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It's a hard film to discuss realism with this film. Because it is extremely photorealistic. But the subject of the realism is completely fantastical. I think that helps with overcoming the uncanny valley. Honestly I'd say there's about 3 times in the movie where things looked off (without serious scrutiny), and 2 of them were because of the CG characters. And that's to me, someone who spends his life scrutinizing this stuff.

So does it overcome the uncanny valley when it comes to human-like characters? Yes. But moreover, the consistency of quality in the total package is so good, I doubt most people will be taken out of the film once they suspend their disbelief.

To give you a metric, after I saw Return of the King the first time, I had almost a dozen "things looking off" moments just when Rohan arrives at Pelennor fields.

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About what I expected then.

The movie is set on an exotic fantastical planet, so suspension of disbelief shouldn't be a problem anyway, so long as everything else works right in the movie, aside from the quality of visuals.

So, would you say you would've been just as convinced by the visuals, had the movie been set on earth. I'm thinking urban surroundings etc.

Sorry if I'm coming across as a tad anal, it's just that I do find this stuff interesting to chat about.

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Not at all anal, this is the stuff I love discussing as well.

So, would you say you would've been just as convinced by the visuals, had the movie been set on earth. I'm thinking urban surroundings etc.

Well considering urban environments are always easier to replicate than natural, I'd say if the artists and engineers tackled it exactly like this, with the only difference being the urban environments, it would be virtually flawless. As for the humans...believe it or not, I'd say it would be just as convincing..

It may sound like a stretch, but you have to understand how profound this movie is for character animation.

This movie really shows how far we've come since Gollum and Davy Jones. Those two characters existed happily within the uncanny valley, the uncanny valley made them better 3D characters. Why? Because they were characters that were designed to make us, the viewers, uncomfortable. If Gollum and Davy Jones were repulsive thanks to the uncanny valley, that was a good thing. They were innately repulsive, and that made the uncanny valley an asset to them.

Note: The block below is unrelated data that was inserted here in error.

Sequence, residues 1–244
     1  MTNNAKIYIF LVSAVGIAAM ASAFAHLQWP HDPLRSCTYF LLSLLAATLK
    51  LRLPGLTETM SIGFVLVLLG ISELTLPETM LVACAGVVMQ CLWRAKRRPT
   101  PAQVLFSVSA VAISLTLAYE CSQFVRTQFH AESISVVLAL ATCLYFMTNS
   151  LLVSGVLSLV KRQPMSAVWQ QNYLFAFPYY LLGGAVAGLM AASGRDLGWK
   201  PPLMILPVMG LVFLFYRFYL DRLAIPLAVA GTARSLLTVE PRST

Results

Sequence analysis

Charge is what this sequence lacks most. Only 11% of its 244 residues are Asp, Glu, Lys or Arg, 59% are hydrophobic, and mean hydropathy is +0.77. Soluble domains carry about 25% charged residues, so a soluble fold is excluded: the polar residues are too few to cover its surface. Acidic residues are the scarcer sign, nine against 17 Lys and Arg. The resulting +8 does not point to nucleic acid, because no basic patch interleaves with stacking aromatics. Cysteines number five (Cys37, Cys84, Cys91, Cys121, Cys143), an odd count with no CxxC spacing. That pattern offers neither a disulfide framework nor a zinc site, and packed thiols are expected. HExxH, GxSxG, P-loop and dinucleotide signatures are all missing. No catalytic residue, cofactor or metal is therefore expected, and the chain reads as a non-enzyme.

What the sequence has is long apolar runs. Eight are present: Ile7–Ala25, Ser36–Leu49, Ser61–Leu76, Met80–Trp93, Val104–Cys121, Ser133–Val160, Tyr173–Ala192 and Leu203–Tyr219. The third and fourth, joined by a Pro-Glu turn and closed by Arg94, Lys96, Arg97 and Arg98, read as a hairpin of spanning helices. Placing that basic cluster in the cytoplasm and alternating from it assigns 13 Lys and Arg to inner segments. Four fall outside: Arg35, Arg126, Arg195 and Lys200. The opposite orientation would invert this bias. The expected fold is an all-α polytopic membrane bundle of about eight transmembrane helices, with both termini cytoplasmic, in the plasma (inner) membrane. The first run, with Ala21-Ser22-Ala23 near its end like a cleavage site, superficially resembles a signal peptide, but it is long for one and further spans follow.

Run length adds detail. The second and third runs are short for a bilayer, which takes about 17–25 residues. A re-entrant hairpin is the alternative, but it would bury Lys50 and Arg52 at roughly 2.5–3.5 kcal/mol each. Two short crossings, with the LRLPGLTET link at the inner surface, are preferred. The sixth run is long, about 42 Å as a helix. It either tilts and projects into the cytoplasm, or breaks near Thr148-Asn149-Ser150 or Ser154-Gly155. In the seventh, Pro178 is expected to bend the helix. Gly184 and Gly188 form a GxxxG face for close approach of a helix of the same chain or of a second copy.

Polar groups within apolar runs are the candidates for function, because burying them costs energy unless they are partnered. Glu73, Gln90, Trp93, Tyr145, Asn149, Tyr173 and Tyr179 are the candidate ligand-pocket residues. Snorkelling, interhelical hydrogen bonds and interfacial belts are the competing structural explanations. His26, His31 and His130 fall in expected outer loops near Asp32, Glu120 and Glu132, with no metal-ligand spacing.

The characters in Avatar do not have the luxury of taking advantage of the uncanny valley. These are characters that we are supposed to feel and see as beautiful creatures. Characters that are the good guys. And that's what makes them such a remarkable technical achievement. And seeing them on screen, seeing their stomachs slightly bulge against gravity, seeing small twitches, all that stuff makes them human. You don't feel the ugly feeling that the uncanny valley is renowned for.

And if Weta has accomplished that, then humans are just as doable.

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If this movie is so good, why the hell it looked so terrible in the trailers? (normally it's the other way around) And I don't mean vfx, but dialogues and plot. If I had to decide, just on the basis of the trailers, whether to go to a cinema or not, I wouldn't.

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Might be old to some, but to me its new, either way this is an EXCELLENT interview with Messrs Jackson and Cameron, filmed guerilla style, at Comic Con 2009:

Kudos to the clued up interviewer - he asks all of the right questions.

If you like the work of any of the above directors, this interview is a must see and the best I've seen in a long time. Very entertaining.

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Review: "Avatar is as old-fashioned and romantic as Titanic, and thrillingly, just as wonderful to watch."

What's so "groundbreaking" about that?!

Review: "It's a big fat lie."

Ah, I thought so!

Alex

Out of dozens and dozens of good to excellent reviews, you are naturally drawn to the LESS THAN AN HANDFUL of less than positive. What a surprise.

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$10 million budget for pre-production.

The computer infrastructure behind this movie is the *3rd largest* in the entire world. Combining that power together you have one of the top ten most powerful super computers in the world. Behind only programs backed by public funds. When you think about it that way, it's easy to see how they spent $500 million on this film.

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Empire has been off for a while, in fact I think they have lost the plot a little - I stopped trusting them when they gave Indy IV four out five stars.

I stopped trusting them when they gave AOTC five stars.

I trust The Sun even less, though. Especially when they said BATMAN FOREVER was the best film ever made.

<_<

As for Empire's stonker of a review for AotC, well they did go on to retract, months later.

if they did that they are a bunch of hypocrites.

Why? It's hard not to get sucked in when the Lucas machine is in full force and you really want to love a film. People's tastes change, they mature, they gain new knowledge and sometimes that leads to new appreciations, sometimes it leads to depreciations. It's not hard to fall in love, then ask yourself six months later why you ever loved that person in the first place.